More than one meta-analysis of low carb high fat diet RCTs shows them to be superior to, and clearly not inferior to, other dietary approaches to weight loss and cardiometabolic health. This is a normal, indeed normative, scientific procedure.

          And if there is debate about any aspect of this finding, this is healthy scientific debate.
          In the rush to find examples of quackery to support an otherwise valid thesis Dr Ernst seem to be oblivious to the fact that he has labelled scientific orthodoxy as quackery on the second-hard word of someone who may be a quack himself for all we know, and is certainly a professional rival of the person under attack, Ms Cronau.
          That Dr Ernst refers to “Our protests” indicates that he identifies with the attack on Ms Cronau’s area of science.
          The one point that Dr Ernst does not make, that has putative validity, is the Christine Cronau is not qualified. But what does this mean in this context? That she lacks a professional qualification in dietetics, a medical speciality.
          Qualified surgeons can perform operations that are inferior to placebo and become rich.
          Qualified doctors can prescribe drugs that are no better than placebo and make a living.
          This is not science – a license to practice is not a scientific qualification, but a professional one.
          Qualified dietitians can prescribe diets that keep their clients and themselves chronically ill. And therein lies the rub – unlike the surgeon or doctor, the dietitian is a thrice-daily consumer of her own services.
          Unqualified but well-informed consumers frequently present at medical conferences. Christine Cronau very much represents the consumer voice on a scientific and medical issue, and as such has attracted the sort of hatred only Australians can generate. I can understand why people not living in this part of the world might be unaware of the deeply unhealthy culture that surrounds the practice of dietetics in Australia and fall into the trap of piling on here.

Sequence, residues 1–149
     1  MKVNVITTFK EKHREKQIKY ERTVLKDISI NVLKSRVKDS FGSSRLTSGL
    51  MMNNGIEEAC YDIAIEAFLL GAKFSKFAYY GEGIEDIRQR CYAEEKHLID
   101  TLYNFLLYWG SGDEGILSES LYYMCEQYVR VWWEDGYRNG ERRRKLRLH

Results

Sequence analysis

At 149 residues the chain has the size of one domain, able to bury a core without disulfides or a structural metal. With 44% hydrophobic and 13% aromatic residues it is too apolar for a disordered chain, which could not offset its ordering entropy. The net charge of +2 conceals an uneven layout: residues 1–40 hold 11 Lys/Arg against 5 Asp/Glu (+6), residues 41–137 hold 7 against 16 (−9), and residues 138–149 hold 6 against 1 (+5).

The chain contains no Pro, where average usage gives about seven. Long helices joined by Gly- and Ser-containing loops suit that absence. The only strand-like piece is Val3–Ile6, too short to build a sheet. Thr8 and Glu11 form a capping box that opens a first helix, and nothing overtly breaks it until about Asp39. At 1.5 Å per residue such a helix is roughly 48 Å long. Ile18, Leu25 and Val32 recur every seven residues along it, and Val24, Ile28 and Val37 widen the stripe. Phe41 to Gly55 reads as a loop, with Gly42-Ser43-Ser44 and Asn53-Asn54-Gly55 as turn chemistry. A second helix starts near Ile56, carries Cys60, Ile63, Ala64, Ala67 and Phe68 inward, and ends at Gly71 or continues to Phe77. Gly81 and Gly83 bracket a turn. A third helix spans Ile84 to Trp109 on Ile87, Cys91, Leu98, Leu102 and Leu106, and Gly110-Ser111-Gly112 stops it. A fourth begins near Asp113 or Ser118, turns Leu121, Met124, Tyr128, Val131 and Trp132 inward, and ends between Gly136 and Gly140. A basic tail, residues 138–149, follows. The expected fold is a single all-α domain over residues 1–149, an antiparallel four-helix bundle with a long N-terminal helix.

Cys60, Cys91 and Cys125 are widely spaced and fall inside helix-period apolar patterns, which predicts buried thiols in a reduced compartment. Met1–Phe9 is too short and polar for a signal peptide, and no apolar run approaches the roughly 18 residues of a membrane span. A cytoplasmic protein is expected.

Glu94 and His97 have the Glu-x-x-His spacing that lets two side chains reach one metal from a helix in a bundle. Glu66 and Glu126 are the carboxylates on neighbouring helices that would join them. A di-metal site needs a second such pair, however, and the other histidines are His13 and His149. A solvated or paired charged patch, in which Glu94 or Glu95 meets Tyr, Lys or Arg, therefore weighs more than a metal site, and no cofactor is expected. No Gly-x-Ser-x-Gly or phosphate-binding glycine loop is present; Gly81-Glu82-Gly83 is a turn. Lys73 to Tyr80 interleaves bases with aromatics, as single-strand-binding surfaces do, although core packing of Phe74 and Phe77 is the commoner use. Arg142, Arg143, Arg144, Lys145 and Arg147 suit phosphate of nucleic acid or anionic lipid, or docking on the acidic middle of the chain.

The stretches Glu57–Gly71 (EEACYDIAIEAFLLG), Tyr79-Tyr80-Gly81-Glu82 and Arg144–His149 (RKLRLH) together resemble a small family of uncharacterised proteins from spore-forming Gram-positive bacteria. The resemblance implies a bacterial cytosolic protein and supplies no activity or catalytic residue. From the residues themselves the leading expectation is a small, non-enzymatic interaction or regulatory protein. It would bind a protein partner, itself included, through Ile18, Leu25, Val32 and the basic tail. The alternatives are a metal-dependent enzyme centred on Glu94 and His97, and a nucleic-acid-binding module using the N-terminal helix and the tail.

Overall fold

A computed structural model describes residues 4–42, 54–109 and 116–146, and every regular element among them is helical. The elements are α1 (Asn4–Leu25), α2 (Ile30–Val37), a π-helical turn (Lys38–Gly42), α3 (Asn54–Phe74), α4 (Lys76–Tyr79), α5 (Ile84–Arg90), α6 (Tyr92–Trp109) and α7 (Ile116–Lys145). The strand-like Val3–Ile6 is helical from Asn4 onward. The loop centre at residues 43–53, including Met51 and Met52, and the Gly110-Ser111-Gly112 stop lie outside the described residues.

I suggest interested parties research the cases of Gary Fettke and Jennifer Elliot to understand the Aussie dietetics culture.

          • @George Henderson

            Thank you for this clarification: your original comment made poor or no sense, as others already told you.

            The publication you link to is a meta-analysis of trials comparing low carbohydrate diets with low fat diets. It is not about low-carbohydrate, high-fat diets as you claim.

            I Googled ‘Christine Cronau’. From the results it’s pretty clear to me that, while Ms Cronau may well represent “the consumer voice on a scientific and medical issue”, in common with many consumer voices on medical issues she is far from “unqualified but well-informed”. She is at best ill-informed; at worst, wilfully ignorant. She believes it is possible to consume unlimited quantities of fat in the diet without gaining weight, a belief that flies in the face of our understanding of elementary metabolism.

            Christine Cronau appears to be a typical representative of many advocates of all kinds of pseudo-medicine. She holds a firm belief based on personal experience and supported by anecdotal evidence, and is unwilling to listen to what reasonable voices try to tell her. Professor Ernst was right to include her in the same basket with crystal therapists.

          • So you have researched a subject by reading the title of a meta-analysis (if you read all the papers it cites you would see that these are high fat diets, often very high-fat) and Googling someone’s name and reading second-hand versions of their ideas. Bravo.